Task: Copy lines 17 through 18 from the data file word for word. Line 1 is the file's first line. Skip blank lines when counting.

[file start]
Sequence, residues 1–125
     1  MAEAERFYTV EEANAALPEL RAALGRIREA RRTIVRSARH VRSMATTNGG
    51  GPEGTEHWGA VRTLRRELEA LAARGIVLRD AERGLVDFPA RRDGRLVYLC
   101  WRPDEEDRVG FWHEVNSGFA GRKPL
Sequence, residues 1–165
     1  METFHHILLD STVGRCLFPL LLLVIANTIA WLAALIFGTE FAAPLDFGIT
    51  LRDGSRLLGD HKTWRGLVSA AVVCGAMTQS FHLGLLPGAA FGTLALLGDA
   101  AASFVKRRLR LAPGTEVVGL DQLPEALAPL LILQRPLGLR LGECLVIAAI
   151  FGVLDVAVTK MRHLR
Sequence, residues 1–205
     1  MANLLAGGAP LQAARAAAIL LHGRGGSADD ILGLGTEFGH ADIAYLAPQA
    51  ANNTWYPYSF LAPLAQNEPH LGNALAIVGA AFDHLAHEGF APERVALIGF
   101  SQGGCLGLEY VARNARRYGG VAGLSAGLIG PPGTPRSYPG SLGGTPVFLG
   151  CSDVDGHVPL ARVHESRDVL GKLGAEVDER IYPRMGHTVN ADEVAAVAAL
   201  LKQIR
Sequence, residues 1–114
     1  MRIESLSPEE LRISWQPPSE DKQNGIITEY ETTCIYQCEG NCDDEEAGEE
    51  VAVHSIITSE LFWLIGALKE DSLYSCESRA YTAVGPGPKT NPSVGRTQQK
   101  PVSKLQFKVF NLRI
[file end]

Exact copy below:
     1  MRIESLSPEE LRISWQPPSE DKQNGIITEY ETTCIYQCEG NCDDEEAGEE
    51  VAVHSIITSE LFWLIGALKE DSLYSCESRA YTAVGPGPKT NPSVGRTQQK